Sunday, March 15, 2009

Iran’s Reformists: A Day of High Drama

Early Sunday morning, reports started circulating in Tehran that former president Mohammad Khatami will announce that he will not run in the upcoming presidential elections, leaving Mehdi Karrubi and Hossien Mousavi as the only reformist candidates running against Ahmadinejad , the expected consensus candidate among the hardliners for re-election to another four-year term as president.

The news got more intriguing when at 4pm Tehran’s time (9am EST), Mousavi visited Karrubi at his Tehran residence. Mousavi is said to be ready to drop out of the race, making Karrubi the consensus candidate of the reformist camp.

This week, Karrubi announced an ambitious plan to “re-nationalize” Iran’s oil industry, creating a public trust with all Iranian citizens over the age of 18 having one share. The trust will eventually control the country’s oil and gas revenues.

Karrubi’s proposal closely resembles the plan for creating a national unit trust, with Iranian citizens as its shareholder, proposed in 2005 by this writer and his colleagues. The trust management was proposed to be elected by the public, its shareholders. The trust would control the oil and gas revenues, paying income tax to the government and using the bulk of its revenues on investing in business ventures to create development projects for the country.


Unknown said...

In my opinion Karoubi is less likely to be the reformists' final candidate. I don't know the source of this news but I think Mousavi has not entered the race half-heartedly as Khatami did, he has not broken 20 years of political strike to just walk out and go!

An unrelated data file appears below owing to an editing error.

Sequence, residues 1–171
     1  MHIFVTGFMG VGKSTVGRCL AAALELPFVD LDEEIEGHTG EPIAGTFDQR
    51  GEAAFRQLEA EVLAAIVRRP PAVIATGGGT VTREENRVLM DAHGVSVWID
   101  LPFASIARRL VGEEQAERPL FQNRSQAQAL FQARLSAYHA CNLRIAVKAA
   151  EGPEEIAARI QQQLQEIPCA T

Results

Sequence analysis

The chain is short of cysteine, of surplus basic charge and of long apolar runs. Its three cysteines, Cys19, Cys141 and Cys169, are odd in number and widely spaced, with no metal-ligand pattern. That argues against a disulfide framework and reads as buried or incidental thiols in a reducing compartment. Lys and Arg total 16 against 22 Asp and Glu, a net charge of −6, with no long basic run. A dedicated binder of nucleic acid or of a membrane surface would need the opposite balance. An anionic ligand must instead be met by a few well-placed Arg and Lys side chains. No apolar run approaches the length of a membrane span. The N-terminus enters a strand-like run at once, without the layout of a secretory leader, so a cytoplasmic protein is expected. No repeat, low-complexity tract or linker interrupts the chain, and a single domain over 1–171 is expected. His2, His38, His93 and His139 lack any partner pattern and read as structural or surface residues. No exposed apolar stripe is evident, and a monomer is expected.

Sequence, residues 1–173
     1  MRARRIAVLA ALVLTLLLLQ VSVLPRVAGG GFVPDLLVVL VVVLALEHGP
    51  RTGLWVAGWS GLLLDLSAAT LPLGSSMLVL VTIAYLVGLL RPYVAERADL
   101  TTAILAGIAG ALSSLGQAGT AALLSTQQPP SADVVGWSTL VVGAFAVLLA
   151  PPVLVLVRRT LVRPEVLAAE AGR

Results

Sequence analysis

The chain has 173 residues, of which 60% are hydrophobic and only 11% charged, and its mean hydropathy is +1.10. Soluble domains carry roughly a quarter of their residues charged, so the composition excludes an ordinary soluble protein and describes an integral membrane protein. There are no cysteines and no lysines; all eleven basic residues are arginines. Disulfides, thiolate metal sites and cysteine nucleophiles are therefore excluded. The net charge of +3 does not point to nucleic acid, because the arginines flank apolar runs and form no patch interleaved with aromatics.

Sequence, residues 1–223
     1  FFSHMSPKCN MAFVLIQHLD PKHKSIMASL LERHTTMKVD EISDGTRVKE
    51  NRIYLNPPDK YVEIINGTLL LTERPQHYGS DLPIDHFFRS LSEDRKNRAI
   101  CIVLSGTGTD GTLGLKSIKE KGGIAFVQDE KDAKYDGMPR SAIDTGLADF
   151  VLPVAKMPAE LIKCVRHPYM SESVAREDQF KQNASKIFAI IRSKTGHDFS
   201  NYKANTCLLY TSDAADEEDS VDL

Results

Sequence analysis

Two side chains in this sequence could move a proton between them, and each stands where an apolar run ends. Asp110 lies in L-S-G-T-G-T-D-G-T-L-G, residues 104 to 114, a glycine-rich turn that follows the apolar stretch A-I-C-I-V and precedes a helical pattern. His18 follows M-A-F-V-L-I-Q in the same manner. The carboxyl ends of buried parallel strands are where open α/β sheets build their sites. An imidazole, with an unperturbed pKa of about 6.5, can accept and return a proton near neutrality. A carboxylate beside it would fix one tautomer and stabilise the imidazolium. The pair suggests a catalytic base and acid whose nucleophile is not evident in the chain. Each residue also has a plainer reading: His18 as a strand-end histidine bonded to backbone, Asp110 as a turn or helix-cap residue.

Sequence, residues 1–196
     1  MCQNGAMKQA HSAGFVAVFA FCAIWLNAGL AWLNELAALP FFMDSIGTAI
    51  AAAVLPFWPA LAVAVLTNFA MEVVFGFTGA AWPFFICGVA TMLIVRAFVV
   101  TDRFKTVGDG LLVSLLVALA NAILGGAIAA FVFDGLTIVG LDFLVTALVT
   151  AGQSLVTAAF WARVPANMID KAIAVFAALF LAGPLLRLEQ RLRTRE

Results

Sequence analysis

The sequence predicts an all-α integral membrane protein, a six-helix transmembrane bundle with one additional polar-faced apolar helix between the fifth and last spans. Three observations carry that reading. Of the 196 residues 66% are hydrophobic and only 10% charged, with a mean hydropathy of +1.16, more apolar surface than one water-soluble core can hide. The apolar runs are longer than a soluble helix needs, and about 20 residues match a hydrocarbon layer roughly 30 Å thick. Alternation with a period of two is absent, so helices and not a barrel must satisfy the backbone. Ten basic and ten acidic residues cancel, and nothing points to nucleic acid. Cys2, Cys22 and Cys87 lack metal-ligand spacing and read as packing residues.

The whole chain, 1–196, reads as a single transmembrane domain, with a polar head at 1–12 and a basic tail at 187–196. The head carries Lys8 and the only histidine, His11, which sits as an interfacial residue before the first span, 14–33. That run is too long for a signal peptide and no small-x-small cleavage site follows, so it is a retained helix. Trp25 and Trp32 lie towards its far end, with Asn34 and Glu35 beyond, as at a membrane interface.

Mousavi a US educated architect is surely a better match up with Obama than Karoubi who is just the reformist twin of Ahmadinejad.

Anonymous said...

This trust proposal is potentially a powerful reform. Right now it seems that many of the semi-autonomous parts of the Iranian government are funded by oil revenues for which there are no clear accounts. A government that is funded by taxes tends to come under closer scrutiny from the citizens who are expected to pony up for it, in contrast to one that is self-funded.

Expect a pushback: some of state agencies were formed in the early years of the Islamic Republic and have never really had to justify themselves to the Majlis. They are not going to want to have to go hat in hand to the people's representatives every year and beg for funding. Controlling the purse strings is crucial to oversight. It won't be implemented on that basis; the reformers would do better to cloak it in populist rhetoric about sharing the national wealth. But the Revolutionary Guards, among others, will see it clearly as an attempt to bring them to heel.

Nader Uskowi said...

Ali, thanks for post. You are making an important observation about Musavi and his intentions. At the end of the day, however, the reformists must have a single candidate, either by choice prior to the first round, or by elimination prior to the second round.

Mousavi might have a tougher time to generate public support, as you have said he's been out of the political limelight for nearly two decades.

Nader Uskowi said...

Anon: I do agree that the national trust fund is a powerful proposal, answering many questions on how best to manage the country’s oil wealth without giving all the revenues to the government of the day to be used on its growing bureaucracy.

I agree that special interests involved in misusing oil revenues will not easily give in to this reform, but the time has come to change the way we use the oil wealth, turning it into an opportunity to develop the country.